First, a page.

France buys the manuscript of 120 days of Sodom from the Marquis de Sade

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A manuscript manuscript of 120 Days of Sodom, the notorious and controversial 18th-century novel by the Marquis de Sade, has been acquired by France for 4.55 million euros.

The work tells the story of the sexual orgies of four wealthy libertine men, aged 45 to 60, who rape, torture and murder their young victims in a remote castle in the Black Forest.

Sade’s work and his underlying philosophy of extremity and excess, while still highly controversial, have inspired many greats over the years, including painter Francisco Goya, poet Charles Baudelaire, and philosopher Friedrich Nietzsche.

The origins of sadism

Until the twentieth century, Sade’s contribution to literature was largely overshadowed by the scandal of his writings, which inspired the word “sadism”. The focus then shifted to examining his philosophy.

The 120 Days of Sodom was banned in Britain in the 1950s, due to its sexually violent content, but has since become a penguin classic.

“This has deeply influenced many authors,” said the French Ministry of Culture after securing the manuscript. It will be kept at the Bibliothèque de l’Arsenal in Paris.

The cost of the acquisition was borne by Emmanuel Boussard, former investment banker and co-founder of the Boussard & Gavaudan investment fund.

“He wanted to testify to his particular attachment to the Arsenal Library, of which his grandfather was curator between 1943 and 1964”, specifies the Ministry of Culture.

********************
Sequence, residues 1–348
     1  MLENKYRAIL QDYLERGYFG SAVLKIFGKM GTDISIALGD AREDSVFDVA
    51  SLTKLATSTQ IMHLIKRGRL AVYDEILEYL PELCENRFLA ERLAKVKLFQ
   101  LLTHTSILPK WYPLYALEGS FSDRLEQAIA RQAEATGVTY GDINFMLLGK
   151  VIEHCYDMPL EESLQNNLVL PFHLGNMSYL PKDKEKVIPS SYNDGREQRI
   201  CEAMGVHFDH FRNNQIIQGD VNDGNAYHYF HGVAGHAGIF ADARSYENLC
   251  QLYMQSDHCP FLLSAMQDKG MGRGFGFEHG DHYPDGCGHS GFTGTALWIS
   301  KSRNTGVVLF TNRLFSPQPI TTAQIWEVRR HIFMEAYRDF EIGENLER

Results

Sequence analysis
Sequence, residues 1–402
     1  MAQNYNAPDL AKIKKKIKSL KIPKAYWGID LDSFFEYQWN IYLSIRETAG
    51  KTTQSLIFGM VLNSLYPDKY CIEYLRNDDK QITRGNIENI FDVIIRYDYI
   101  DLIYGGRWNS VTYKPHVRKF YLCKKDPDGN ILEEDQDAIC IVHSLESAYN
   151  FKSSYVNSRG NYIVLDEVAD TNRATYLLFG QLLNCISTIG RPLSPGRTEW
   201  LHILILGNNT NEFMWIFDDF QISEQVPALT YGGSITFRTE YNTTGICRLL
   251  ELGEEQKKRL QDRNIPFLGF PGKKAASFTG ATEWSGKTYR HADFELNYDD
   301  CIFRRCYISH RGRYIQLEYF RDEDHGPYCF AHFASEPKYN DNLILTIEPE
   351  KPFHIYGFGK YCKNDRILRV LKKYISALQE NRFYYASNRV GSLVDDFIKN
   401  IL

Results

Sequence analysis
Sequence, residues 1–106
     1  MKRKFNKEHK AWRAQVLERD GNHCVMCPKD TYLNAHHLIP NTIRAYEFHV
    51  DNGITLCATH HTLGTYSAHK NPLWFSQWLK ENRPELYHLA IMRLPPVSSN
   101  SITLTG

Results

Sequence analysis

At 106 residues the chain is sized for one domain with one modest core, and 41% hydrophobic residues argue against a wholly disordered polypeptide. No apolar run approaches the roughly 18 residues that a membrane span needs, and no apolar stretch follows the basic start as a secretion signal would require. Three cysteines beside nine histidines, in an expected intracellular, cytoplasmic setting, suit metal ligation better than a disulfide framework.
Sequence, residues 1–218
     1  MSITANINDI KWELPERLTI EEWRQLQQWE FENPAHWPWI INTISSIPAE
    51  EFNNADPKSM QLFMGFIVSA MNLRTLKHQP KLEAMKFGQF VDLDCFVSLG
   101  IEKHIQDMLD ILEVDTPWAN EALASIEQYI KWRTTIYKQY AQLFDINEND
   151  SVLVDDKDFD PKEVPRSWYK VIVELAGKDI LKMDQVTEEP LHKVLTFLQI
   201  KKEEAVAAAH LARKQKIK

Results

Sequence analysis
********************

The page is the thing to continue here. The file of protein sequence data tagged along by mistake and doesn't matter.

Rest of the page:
Donatien Alphonse François, Marquis de Sade, spent much of his life behind bars as a libertine persecuted by the Ancien Régime and by the regimes resulting from the French Revolution.

The 120 Days of Sodom (originally published as Les Cent Vingt Journées de Sodome) was written while he was imprisoned in the Bastille in 1785 and was never completed.

Measuring over 12 meters in length, the immaculately preserved scroll consists of 33 pages glued end to end and covered in barely legible handwriting due to its small size.

It was saved from the Bastille by a revolutionary, Arnoux de Saint-Maximin, who sold it to an aristocrat, the Marquis de Villeneuve-Trans.

The manuscript was then acquired by a German psychiatrist, who first authorized its publication in 1904.

It was then bought by a collector and then stolen by a publisher, who sold it to another collector. In 2014, it became the property of businessman Gérard Lhéritier, founder of the company Aristophil.

Following a fraud investigation and the liquidation of Aristophil, the French government classified the manuscript as a “national treasure” in 2017.

The manuscript will be presented at a conference in 2022, aimed at questioning Sade’s image, the reception of his work over the centuries and its interpretation today, the ministry said.


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